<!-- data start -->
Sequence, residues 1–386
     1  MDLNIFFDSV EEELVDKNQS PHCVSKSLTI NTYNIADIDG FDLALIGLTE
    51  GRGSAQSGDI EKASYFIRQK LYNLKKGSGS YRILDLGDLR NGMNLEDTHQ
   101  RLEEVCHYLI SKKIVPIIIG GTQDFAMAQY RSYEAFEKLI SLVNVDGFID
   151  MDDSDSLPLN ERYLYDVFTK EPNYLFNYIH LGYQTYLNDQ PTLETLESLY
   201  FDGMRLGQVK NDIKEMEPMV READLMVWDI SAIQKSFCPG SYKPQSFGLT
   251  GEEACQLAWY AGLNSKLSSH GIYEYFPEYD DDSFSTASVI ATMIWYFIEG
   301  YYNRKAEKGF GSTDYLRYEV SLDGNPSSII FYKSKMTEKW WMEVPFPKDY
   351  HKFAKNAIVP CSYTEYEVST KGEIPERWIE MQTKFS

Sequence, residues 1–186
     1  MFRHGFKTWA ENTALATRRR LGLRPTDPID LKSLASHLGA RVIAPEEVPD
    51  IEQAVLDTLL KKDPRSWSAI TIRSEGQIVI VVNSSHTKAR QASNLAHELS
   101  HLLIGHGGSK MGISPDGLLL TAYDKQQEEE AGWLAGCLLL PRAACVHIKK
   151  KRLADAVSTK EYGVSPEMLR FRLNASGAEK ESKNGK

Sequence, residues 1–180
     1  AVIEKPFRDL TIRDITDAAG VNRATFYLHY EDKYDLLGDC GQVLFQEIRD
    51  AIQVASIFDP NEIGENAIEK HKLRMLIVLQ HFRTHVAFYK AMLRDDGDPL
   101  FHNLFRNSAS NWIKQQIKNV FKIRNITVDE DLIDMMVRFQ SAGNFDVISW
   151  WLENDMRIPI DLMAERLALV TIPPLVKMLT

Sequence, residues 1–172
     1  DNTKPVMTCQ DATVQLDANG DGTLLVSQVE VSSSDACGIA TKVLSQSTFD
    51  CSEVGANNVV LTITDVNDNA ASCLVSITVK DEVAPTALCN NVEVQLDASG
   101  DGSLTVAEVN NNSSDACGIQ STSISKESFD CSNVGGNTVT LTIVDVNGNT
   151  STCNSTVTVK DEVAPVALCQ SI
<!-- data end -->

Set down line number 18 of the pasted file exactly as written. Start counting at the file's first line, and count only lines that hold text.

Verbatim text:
   101  FHNLFRNSAS NWIKQQIKNV FKIRNITVDE DLIDMMVRFQ SAGNFDVISW